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How to get Android 11’s coolest feature on your phone today

With Android 11, users user can look forward to a feature called “back tap”. In short, it is a unique physical gesture carried out on the back of the device with your finger. Double tapping the back of the device can carry out an action that you can customize. This can vary from launching the camera, to starting Google Assistant and many other functions.

Credit to developer Kieron Quinn over at XDADevelopers for making the app. It works with any Android smartphone running Android 7.0 and above, so you should be good to go on any modern device.

A special mention here is how the device is a bit fickle, as Google designed this gesture to work with the Pixel family of devices, and was built using their dimensions in mind. XDA has confirmed that they were able to make the gesture work with the ASUS ROG Phone 3 and the Huawei P40 Pro.

Here is a quick demonstration of the app in action:

Results May Vary

I was able to replicate the gesture on my Pocophone F1 and OnePlus 7T. I had to remove the phone case for the Pocophone, but it worked with the 7T even with the case on. It was also very finicky on the Pocophone, getting the gesture to work around two out of every five times.

Let’s Get Started

All you have to do is sideload the app on your Android device. You can download the app via this link.

Setting up your device

Once you have the app installed, it will either appear on your home screen or your app drawer, depending on your phone’s OEM software.

Launch the app and you will have to grant it accessibility. This can vary from one OEM to the next, but for the OnePlus 7T tap on the Accessibility service at the top of the app, look for Tap, Tap and switch the toggle to on.


From here, try to double-tap the back of your phone (with and without cover). If you feel haptic feedback, it means your device is running on the default Pixel 3 XL sensitivity. If you don’t feel any haptic feedback after 2-3 attempts, head into Gestures, and tap on Device model.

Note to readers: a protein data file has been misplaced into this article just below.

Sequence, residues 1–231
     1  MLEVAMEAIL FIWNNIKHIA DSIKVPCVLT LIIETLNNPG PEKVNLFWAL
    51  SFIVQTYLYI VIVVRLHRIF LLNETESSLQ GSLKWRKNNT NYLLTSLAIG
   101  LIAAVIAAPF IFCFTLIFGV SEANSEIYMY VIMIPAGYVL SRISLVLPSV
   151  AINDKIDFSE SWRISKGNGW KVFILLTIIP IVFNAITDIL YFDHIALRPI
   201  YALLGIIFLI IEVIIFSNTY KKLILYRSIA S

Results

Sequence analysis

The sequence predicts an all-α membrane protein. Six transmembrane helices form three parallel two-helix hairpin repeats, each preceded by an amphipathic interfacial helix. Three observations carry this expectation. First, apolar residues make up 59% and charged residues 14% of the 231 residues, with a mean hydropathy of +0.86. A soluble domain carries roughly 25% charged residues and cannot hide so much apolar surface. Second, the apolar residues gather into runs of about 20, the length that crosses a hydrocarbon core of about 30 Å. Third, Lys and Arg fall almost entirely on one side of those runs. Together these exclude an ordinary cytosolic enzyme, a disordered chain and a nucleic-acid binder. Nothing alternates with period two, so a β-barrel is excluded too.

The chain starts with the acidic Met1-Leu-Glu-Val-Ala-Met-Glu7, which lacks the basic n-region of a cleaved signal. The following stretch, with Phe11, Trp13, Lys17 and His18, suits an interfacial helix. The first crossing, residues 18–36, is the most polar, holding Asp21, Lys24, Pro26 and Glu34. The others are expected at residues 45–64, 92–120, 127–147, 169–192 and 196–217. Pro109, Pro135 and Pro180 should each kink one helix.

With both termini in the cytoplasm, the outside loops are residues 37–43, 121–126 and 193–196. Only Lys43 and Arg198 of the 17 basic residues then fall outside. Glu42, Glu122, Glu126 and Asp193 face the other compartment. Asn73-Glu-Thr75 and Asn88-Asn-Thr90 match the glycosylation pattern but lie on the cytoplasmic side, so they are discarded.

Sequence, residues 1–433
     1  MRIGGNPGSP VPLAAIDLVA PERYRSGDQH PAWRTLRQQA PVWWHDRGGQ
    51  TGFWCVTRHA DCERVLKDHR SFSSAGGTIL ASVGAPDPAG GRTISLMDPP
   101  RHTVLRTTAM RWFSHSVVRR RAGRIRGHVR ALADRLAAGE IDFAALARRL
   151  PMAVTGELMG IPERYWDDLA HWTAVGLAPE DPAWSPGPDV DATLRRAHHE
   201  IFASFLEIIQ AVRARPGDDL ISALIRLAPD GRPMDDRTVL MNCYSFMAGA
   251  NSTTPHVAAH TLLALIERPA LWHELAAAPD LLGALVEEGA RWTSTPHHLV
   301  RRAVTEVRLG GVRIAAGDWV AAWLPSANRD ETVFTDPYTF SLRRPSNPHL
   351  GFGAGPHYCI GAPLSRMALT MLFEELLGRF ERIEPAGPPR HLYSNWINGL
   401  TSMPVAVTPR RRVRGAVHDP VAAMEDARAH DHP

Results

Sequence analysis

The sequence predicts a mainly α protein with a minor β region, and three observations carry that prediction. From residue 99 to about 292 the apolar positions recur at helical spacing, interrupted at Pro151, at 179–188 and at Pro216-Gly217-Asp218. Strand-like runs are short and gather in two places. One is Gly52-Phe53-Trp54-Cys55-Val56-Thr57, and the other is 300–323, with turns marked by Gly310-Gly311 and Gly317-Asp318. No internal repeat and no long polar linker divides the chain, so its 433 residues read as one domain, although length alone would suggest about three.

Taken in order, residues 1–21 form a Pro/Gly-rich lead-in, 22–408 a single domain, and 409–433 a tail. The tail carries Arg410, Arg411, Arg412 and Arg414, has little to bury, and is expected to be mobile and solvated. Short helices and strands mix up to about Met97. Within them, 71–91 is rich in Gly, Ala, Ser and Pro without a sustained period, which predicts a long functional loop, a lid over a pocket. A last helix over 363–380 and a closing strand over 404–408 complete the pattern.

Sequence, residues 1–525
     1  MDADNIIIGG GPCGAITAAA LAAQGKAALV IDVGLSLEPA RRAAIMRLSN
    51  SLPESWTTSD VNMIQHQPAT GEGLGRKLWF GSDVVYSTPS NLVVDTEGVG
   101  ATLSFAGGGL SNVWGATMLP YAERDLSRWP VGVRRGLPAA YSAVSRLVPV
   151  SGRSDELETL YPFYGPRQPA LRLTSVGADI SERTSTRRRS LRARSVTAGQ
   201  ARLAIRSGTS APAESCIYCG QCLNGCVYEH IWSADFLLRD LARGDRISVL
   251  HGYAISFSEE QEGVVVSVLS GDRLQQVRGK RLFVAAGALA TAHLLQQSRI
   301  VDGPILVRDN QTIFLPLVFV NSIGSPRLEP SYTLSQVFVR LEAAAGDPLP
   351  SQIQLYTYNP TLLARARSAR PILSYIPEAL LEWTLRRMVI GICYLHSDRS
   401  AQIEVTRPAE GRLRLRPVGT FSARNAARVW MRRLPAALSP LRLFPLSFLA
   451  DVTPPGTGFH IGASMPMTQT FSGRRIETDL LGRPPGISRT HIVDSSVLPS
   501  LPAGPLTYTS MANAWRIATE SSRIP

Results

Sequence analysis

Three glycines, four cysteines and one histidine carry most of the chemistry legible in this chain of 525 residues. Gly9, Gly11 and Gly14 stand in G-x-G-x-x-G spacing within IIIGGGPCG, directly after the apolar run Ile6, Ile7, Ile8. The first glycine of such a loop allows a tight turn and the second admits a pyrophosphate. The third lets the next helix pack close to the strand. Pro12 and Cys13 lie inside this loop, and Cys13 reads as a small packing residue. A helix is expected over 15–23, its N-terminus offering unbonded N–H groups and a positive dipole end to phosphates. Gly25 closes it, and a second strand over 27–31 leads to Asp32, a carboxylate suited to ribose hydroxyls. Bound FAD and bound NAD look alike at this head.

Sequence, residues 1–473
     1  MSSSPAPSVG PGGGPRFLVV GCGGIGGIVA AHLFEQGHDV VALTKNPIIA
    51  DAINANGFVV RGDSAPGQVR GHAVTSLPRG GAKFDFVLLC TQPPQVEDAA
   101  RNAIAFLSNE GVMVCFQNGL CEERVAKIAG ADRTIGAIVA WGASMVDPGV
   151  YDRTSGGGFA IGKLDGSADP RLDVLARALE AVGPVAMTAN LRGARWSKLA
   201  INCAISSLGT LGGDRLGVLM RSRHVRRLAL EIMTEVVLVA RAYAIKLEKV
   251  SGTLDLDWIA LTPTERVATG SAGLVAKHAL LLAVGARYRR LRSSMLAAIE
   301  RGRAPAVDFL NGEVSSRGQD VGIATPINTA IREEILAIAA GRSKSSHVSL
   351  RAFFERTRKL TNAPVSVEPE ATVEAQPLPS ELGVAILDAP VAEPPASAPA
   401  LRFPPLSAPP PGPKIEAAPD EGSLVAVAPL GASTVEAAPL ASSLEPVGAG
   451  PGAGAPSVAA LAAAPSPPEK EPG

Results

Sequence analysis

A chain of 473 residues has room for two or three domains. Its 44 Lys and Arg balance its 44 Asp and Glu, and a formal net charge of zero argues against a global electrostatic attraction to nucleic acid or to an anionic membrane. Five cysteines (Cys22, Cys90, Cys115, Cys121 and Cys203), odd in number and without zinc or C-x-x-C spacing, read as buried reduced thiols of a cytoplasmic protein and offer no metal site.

Keep switching between the Pixel 3 XL, Pixel 4, and Pixel 4 XL until you feel the haptic feedback of the device on every attempt.

Setting up your actions

After you’ve set up the gesture, go into Actions, and choose what you want to be done. By default, the app is set to launch Google Assistant, or take screenshots.

I have already added a preset and made it the top action in the app.

This is what the camera launch function looks like on my OnePlus 7T.

If you want to add an action, tap at the bottom center of the screen and choose Add Action.

In the first Alpha build you can carry out the following commands:

  • Launch
    • an app
    • Google Assistant
    • Camera
  • Utilities
    • Turn on Flashlight
  • Actions
    • Take a screenshot
    • Open notifications
    • Open quick settings shade
    • Simulate pressing the home, back and recent apps button
    • Lock the screen

When you have chosen the command you want to take preference over the others, drag it by the two lines at the top right of the tile and take it all the way to the top.

Understanding Gates

A gate is basically a barrier that stops the action from being carried out involuntarily. By default, your phone won’t carry out the action you’ve assigned above if your display is off or you’re on a call.

This prevents you from accidentally toggling your action when you don’t want it to.

By default, the current preset should suffice, but you are free to adjust it to your desired settings.

Closing notes

  • The app is a hit or miss depending on your phone. It may or may not work. It’s highly recommended that if you’re unable to get past the Setting up your device part of the guide, to not pursue the app or settings any further.
  • This is the first Alpha build of the device. If you’re looking to follow the app and its development, you can occasionally check in on the official XDA thread here.
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